One area we considered was language training. Not only will the series reach a far wider audience in multiple languages, the prospect of easy toggling between languages provides further opportunities for inter-lingual studies. Inanimate Alice has, indeed, proved popular with international schools and language learning schools around the world, particularly in AsiaPac countries.

Alice for Education

We asked Dr. Jess Laccetti, then a student in Creative Writing and New Media, to develop complementary educational materials, ones that we hoped would inspire and equip a new generation of teachers embracing Web 2.0 education for the first time.

Now, education departments at universities around the world use those lesson plans and worksheets as core materials for literacy and ICT education objectives targeting 10-14 year old students with widely differing competencies. Dr. Laccetti’s efforts have given two generations of students (educators and high school pupils) a title with which to embrace and engage in education 2.0.

Inanimate Alice has been able to function as a literacy stimulus across wide age groups and among differing capabilities. For YA readers, growing up with Alice reflects the arc of the story; relevance and mutability across educational needs suggests that students can grow alongside Alice, from class to class, from year to year across several curricula.

At the academic level it is a high-quality text that supports the deep reading and re-reading necessary for sustained enquiry. At the other end of the spectrum, it encourages the hard-to-engage or reluctant readers to interact with educators, as well as other students.

The puzzles and games have become more elaborate with each new chapter. This framework simulates a multi-tasking environment with a high-quality text as a base that teachers can use for many different outcomes including ICT education. Further, it acts as a primer for those who are not yet familiar with computer games.

IA2These early episodes provide the framework for a considerable (100+ hours) modular non-native-language training program. Following the format of the online series, this program will provide content for both language schools and the individual learner. Here is a taster of what we’re talking about: www.inanimatealice.com/efl

“In my attempts to encourage teachers to embrace new forms of narrative in the digital age, the example I keep returning to is Inanimate Alice, a multimedia experience which is way ahead of its time, and teachers never fail to be excited by the possibilities it opens up for transforming learning in their classrooms.” Bill Boyd, Independent Learning Consultant, The Literacy Adviser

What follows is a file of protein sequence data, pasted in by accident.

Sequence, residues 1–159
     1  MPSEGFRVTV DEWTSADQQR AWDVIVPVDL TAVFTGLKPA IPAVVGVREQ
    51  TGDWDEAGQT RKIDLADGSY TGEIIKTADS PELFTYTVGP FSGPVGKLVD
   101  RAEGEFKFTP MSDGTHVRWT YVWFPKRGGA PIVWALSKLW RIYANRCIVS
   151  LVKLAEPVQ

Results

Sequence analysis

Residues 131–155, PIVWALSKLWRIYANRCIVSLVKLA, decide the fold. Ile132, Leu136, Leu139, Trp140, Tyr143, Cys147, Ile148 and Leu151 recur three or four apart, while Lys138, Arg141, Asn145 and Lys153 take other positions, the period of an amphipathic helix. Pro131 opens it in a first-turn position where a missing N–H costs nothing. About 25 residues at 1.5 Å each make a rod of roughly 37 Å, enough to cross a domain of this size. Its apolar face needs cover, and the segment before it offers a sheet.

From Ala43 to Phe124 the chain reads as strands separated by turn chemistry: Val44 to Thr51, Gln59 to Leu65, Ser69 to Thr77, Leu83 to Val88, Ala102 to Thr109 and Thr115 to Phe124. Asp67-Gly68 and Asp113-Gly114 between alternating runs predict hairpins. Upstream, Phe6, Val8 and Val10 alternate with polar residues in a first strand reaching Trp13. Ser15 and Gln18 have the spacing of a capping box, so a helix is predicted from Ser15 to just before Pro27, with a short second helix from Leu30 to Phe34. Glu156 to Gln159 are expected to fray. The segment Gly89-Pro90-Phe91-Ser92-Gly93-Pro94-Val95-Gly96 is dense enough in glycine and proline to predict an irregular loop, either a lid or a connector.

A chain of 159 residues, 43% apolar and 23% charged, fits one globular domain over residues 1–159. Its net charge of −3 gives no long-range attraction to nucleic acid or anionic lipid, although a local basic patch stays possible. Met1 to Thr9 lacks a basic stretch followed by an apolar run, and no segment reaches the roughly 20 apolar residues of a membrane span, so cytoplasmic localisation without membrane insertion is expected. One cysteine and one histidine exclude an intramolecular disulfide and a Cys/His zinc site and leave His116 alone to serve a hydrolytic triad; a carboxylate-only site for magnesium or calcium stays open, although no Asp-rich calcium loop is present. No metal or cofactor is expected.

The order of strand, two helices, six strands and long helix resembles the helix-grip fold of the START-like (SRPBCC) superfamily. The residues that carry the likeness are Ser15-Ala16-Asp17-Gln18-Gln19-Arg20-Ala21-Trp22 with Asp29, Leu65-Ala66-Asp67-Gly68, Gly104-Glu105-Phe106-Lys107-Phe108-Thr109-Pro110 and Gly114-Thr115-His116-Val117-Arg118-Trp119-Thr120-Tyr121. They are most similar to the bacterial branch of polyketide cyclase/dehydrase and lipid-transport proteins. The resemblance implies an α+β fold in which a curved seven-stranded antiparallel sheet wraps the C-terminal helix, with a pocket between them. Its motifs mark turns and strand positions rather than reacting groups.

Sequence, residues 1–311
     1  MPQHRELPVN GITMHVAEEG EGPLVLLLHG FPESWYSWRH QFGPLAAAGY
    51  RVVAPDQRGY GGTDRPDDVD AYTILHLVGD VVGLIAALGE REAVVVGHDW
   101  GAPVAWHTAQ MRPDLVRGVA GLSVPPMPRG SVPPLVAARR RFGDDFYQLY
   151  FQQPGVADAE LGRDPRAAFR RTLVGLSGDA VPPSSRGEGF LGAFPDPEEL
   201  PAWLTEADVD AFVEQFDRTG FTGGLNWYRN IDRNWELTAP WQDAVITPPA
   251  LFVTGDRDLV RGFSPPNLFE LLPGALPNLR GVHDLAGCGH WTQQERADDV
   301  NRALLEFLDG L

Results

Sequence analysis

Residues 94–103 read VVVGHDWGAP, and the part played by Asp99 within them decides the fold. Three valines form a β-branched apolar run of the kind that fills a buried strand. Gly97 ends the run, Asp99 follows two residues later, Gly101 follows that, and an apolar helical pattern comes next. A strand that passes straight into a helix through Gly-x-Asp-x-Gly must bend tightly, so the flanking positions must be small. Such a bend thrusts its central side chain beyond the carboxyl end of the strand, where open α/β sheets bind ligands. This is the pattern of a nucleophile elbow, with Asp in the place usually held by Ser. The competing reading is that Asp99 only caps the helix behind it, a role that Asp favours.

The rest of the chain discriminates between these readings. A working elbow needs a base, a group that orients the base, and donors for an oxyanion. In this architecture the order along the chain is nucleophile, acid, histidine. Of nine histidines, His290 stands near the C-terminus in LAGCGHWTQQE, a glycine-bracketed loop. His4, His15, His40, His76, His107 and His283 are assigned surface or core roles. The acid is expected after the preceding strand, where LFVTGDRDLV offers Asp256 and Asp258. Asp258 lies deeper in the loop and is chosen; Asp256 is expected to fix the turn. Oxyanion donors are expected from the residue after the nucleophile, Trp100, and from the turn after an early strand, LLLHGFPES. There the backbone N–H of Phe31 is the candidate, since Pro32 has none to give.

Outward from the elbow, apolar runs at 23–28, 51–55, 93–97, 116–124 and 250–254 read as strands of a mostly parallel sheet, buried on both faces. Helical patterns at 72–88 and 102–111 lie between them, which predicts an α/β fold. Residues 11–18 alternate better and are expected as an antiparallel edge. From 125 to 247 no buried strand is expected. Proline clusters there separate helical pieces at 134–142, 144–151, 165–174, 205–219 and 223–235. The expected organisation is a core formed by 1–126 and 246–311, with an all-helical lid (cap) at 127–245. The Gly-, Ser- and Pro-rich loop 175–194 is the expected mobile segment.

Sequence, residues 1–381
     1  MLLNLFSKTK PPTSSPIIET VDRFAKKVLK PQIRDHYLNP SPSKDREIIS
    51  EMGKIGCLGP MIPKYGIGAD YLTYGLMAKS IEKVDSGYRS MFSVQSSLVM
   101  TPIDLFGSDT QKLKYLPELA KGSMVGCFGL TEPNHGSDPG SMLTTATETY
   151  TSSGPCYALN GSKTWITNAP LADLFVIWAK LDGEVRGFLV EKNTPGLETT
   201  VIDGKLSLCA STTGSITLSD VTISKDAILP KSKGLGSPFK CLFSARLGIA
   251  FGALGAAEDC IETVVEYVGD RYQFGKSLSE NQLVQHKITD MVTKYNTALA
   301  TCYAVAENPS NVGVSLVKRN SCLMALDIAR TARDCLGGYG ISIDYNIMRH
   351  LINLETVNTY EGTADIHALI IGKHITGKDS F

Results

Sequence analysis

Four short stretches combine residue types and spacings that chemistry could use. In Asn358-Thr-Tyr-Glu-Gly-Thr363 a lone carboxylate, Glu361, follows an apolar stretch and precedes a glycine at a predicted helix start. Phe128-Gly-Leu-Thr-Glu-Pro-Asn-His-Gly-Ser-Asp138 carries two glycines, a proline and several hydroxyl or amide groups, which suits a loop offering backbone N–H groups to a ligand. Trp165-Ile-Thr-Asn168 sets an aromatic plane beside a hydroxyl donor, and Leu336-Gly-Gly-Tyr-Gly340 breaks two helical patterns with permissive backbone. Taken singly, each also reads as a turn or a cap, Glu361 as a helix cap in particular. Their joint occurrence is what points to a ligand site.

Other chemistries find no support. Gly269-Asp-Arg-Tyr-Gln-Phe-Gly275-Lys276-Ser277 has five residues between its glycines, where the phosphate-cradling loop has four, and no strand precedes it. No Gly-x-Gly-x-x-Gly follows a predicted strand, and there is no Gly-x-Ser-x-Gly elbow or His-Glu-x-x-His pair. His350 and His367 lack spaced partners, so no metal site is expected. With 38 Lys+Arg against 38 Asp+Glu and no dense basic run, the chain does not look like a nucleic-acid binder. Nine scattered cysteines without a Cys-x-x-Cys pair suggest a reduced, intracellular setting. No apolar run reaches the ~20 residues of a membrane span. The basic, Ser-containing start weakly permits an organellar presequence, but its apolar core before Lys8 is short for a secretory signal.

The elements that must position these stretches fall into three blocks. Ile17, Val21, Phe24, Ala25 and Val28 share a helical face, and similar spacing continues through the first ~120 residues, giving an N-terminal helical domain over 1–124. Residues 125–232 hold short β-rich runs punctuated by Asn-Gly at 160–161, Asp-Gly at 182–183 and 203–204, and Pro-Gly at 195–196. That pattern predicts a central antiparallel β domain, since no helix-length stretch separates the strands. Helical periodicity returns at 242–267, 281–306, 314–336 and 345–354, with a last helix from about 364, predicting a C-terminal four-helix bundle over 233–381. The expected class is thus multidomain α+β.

Alongside the series we have planned for a suite of software tools that students can use to emulate Alice’s career path as she grows up to become an animator and computer game designer. Storytelling tools that offer storyboarding, animation and game mechanics not only teach, but also inspire user generated content. It seems everyone is interested in contributing to the creation and building of great stories. Already, while waiting for Episode 5 to appear, we have seen many student-created “next episodes” in anticipation of the arrival of the “official” version: http://aliceandfriends.wikispaces.com/

A Billion Dollar Story?

I believe that Inanimate Alice is a breakthrough project demonstrating a new kind of reading-from-the-screen experience. Is it a billion-dollar story? Perhaps…Our vision, a package that addresses movie, game, on-line and print outcomes from the outset, is designed with this in mind. It sets out objectives and addresses issues from the beginning. It would have to be successful, but not on the scale of a Harry Potter or Lord of the Rings to achieve that.

The team’s commitment to this project far exceeds the six-figure sum that has been spent thus far. Completion of the series will take the budget north of a million dollars, a considerable sum for a digital novel. But then, as CTV reporter Kris Abel succinctly put it, “there is nothing else like it on the Net.”

Alice has become a bridge with the ability to connect technologies, languages, generations and curricula. At the half-way point, we find ourselves looking for the industry to meet us in the middle.

At the tender age of 50 and with a raw idea in his head Ian Harper attended the UK’s National Film and Television School to learn how to write for the screen. With two screenplays under his belt he has created the role of digital novel producer developing plans for a studio to complete the Inanimate Alice series while producing five further titles in a similar vein.

VISIT: Inanimate Alice Online

CONTACT: Ian Harper directly

DISCUSS: Can publishers transform into transmedia storytellers?

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Guest Contributor

Guest contributors to Publishing Perspectives have diverse backgrounds in publishing, media and technology. They live across the globe and bring unique, first-hand experience to their writing.